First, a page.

Low resource settings may not have access to some tests due to their cost. Fortunately, current standard PROM management does not warrant expensive work-up. On the other side, other tests tend to be less expensive and easier to access in Middle-Eastern and African countries eg, obstetric ultrasound is done by the obstetrician as a part of prenatal visit with no or minimal extra-cost. Unfortunately, some non-expensive approaches are not commonly performed in these countries due to lack of either awareness and/or experience on their rule or technique (such as microscopic examination, ferning test,. etc).

Another challenge is related to availability and proximity of tertiary care in low-resource countries. In many areas, tertiary maternal care or neonatal intensive care may be more than 150 miles away from residential areas. Given the fact that air transportation is not typically an option, attention to these constraints should be paid to ensure patient safety and guide clinical management at location of presentation.

Resources and adoption approach

Many aspects of management of PROM have been adequately addressed either by internationally recognized guidelines or by local practice policies. Our approach starts with identifying clinical questions that need to be answered, achieved by thorough reviewing of the latest versions of high-quality guidelines that are representative of global practice. Most recent versions of published guidelines were considered (to February 2019). These guidelines include WHO recommendations (November 2015) [4], ACOG practice bulletin (January 2018) [1], the Society of Obstetricians and Gynecologists of Canada (SOGC) (September 2017) [12], the RANZCOG (March 2017), and NICE guidelines (November 2015) [2,3]. The second step, each clinical question is assigned to a panel of 2 researchers to review how a question is covered in these guidelines. The aim is to verify if a question is consistently answered, to identify the range of answers provided if inconsistent among different guidelines, and to assess the adequacy of evidence supporting these answers. The third step is to search the literature for newly published studies related to the topic as well as the original studies conducted primarily in the Middle-East or alternatively, in low resource countries that may share similar challenges. MEDLINE, EMBASE, SCOPUS and Cochrane library were searched for prospective studies, clinical trials, systematic reviews and meta-analyses from 2000 to June 2019. Search terms include “rupture of membranes”, “PROM”, “PPROM”, “previable”, “induction of labor”, “chorioamnionitis”, “latency antibiotics”, “antenatal steroids”, and “preterm labor”. The fourth step is to survey obstetricians in the Middle-East to identify their needs, challenges and actual practice. These surveys include obstetricians at different levels of experience, who are involved in either community based or university-based practice. The fifth and final step is to review the outcomes of these steps and fit the highest level of evidence that is appropriate for low resource settings.

The level of evidence is determined in accordance to Oxford Centre for Evidence-based Medicine – Levels of Evidence, which stratifies studies depending on their design to level 1 (A to C), level 2 (A to C), level 3 (A and B), level 4, and level 5 [13] (Appendix1 in the Online Supplementary Document). A KAST approach will be used to present this topic; Knowledge, Assessment, Sharing decision, and Treatment (Table 1).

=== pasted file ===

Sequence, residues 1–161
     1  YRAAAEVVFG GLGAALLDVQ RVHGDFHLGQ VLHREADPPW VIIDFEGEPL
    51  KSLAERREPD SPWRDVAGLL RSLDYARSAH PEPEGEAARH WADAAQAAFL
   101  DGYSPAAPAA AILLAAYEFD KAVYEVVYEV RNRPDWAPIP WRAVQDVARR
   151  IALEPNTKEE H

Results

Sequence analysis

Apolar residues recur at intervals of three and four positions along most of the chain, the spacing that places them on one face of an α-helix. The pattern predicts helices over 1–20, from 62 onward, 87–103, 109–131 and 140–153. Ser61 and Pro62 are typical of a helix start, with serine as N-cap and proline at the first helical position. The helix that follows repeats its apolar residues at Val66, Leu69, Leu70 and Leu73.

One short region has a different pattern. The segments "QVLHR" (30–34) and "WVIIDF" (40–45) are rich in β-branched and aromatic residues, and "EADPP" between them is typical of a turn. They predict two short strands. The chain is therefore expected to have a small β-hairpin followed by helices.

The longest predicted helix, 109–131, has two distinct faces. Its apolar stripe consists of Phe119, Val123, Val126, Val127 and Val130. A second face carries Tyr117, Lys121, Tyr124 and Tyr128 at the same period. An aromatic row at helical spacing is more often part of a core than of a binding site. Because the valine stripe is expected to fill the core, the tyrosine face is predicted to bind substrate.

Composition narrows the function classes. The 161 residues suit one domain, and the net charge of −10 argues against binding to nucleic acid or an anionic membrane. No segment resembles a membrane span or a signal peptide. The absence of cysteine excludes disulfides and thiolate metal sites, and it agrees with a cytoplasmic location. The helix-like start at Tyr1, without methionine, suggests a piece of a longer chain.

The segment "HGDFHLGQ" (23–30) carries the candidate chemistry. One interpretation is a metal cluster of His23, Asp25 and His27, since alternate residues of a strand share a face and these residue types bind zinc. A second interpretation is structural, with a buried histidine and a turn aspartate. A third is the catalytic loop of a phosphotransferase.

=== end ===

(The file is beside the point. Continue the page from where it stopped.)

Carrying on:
Table 1.  MOGGE take-home message: Knowledge
     • The term “prelabor rupture of membranes” is more universally acceptable than “premature rupture of membranes”
     • “Preterm prelabor rupture of membranes” corresponds to prelabor rupture of membranes prior to 37 weeks’ gestation
     • Gestational age before which the diagnosis of “Previable prelabor rupture of membranes is made is inconsistent. Age of viability is determined by neonatal outcomes per each facility

MOGGE – Middle-East OBGYN Graduate Education



CLINICAL EVALUATION AND DIAGNOSIS | ASSESSMENT

Initial assessment

Clinical assessment aims to confirm the diagnosis and minimize introduction of infection. History taking should include; time of onset of fluid leakage, description of the amount and color of leaking fluid, onset of uterine contractions (if present) in relation to fluid leakage, and the presence of abdominal pain or vaginal bleeding. History alone does not confirm or rule out the diagnosis and thus a thorough physical examination is essential in all cases.

It starts with assessment of vital signs, of which temperature is particularly important because of the risk of intra-amoniotic infection (IAI). Abdominal examination is performed to rule out abdominal tenderness that may indicate chorioamnionitis or placental abruption, to palpate any uterine contractions and to assess the fetal presentation. Sterile speculum examination is used to visualize the cervix. Diagnostic signs of PROM during speculum examination includes a direct leakage from the cervix and “pooling” of fluid at the posterior fornix. Valsava maneuver may be attempted if no fluid leakage can be appreciated. Speculum examination may also detect umbilical cord prolapse, cervical dilation, or vaginal bleeding. Vaginal swab should be obtained for culture if infection is suspected. Speculum examination can be performed shortly after presentation if there is subjective or objective evidence of ongoing leakage or if there is any clinical concern that warrants immediate assessment. Otherwise, the patient may be given a 30-minute period in a semi-Fowlers position to allow “pooling” of amniotic fluid in the vagina. Placement of a sterile pad for 30 minutes to 1 hour can also help to identify the color and odor of the leaking fluid. This can differentiate amniotic fluid from urine, which seems to be the most common differential diagnosis in these cases [4].